After the collapse of the Dutch government over the question of its role in Afghanistan, observers said it could be a preview of things to come with the NATO coalition.
Today, Sean Carney of the Wall Street Journal reports that NATO General Secretary Anders Fogh Rasmussen, who was in Prague, received “mixed reactions to his request that the Czechs boost their contingent in Afghanistan.”
Carney writes: “Mirek Topolanek, the leading right-leaning politician and head of the Civic Democrat party, or ODS, fully agreed with Rasmussen’s point of view that all members of the military alliance should show solidarity and support the ramping up of US troops in Afghanistan. He supports the increase.
Yet Topolanek’s rival, Jiri Paroubek who heads the left-leaning Social Democrat party, or CSSD, offered a cold reception to Rasmussen’s request, saying he disagreed."
The recent spate of arrests of militants in Pakistan has made people wonder whether that country has changed its stance toward the Taliban. What does Richard Holbrooke, the U.S. special representative to the region, think?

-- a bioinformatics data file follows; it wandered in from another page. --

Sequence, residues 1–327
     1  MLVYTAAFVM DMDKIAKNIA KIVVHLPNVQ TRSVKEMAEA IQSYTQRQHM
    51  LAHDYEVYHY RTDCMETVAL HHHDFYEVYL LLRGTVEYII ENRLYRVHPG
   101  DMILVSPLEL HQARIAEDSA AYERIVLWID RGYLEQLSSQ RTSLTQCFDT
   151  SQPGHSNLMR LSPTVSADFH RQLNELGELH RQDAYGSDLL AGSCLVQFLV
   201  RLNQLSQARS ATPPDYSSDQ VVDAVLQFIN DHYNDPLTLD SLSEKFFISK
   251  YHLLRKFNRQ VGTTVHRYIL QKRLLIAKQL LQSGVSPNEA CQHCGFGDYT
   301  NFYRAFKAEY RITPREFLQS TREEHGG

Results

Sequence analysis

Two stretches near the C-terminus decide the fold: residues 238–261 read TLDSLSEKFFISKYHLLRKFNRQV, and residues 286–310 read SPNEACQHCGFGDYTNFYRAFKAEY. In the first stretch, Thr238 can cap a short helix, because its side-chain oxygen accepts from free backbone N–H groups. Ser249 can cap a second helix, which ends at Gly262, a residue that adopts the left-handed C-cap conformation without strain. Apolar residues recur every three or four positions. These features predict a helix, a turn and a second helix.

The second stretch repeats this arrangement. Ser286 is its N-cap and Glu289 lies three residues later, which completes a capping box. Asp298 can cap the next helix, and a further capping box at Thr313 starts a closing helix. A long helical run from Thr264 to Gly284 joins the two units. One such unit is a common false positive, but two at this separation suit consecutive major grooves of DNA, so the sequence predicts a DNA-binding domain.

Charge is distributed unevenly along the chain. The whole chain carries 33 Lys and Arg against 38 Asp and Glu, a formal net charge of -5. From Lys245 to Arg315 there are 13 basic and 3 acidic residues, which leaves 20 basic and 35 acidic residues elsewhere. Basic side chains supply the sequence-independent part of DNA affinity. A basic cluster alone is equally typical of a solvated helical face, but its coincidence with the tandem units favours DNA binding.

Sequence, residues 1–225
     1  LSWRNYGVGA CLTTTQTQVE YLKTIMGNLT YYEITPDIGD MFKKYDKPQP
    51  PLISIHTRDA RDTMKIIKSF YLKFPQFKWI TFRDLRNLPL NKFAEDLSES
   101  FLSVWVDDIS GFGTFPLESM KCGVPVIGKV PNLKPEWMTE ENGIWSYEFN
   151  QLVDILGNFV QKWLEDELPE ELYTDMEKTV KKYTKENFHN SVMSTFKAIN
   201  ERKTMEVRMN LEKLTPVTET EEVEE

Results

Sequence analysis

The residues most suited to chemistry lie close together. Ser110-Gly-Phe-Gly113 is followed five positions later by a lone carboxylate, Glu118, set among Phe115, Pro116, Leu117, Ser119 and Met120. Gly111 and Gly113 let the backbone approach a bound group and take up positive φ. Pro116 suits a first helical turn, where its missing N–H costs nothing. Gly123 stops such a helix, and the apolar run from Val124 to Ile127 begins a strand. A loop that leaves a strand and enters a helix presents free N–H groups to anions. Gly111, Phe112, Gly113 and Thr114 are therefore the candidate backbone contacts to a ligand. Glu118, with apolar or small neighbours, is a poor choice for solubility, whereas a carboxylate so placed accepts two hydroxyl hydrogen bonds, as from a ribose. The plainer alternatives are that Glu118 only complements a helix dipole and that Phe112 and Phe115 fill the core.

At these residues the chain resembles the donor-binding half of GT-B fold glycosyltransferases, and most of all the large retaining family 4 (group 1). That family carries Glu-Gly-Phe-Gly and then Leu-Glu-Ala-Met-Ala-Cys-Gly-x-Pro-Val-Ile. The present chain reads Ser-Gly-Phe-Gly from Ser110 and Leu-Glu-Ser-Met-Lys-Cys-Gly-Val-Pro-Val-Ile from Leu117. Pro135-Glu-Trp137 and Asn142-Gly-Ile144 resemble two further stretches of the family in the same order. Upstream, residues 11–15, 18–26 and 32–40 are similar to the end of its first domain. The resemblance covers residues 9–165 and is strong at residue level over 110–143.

In an interview with the Financial Times, Holbrooke said he was “agnostic” about Pakistan’s intentions.
“Everyone has asked the same question. How do you know? Have we turned a corner? I’m not prepared to make those judgments, and you’ll have to ask the Pakistanis that,” Holbrooke told the Financial Times.
“I’m an agnostic at this point … as to whether this was a policy change [by Islamabad] or a serendipitous collection of discreet events.”
Some other news reports and perspectives:
- Ken Dilanian (USA Today): "Pakistan steps up anti-Taliban efforts"
- Gordon Lubold (Christian Science Monitor): “As Marjah offensive ends, a crucial test for peace in Afghanistan”
- Saeed Shah (McClatchy/Miami Herald): "Pakistani army ousts insurgents from tribal area"
- Iain Martin (Wall Street Journal): “Encouraging signs in Afghanistan”
- Greg Jaffe (Washington Post): “Joint Chiefs Chairman Mullen outlines a more restrained art of war”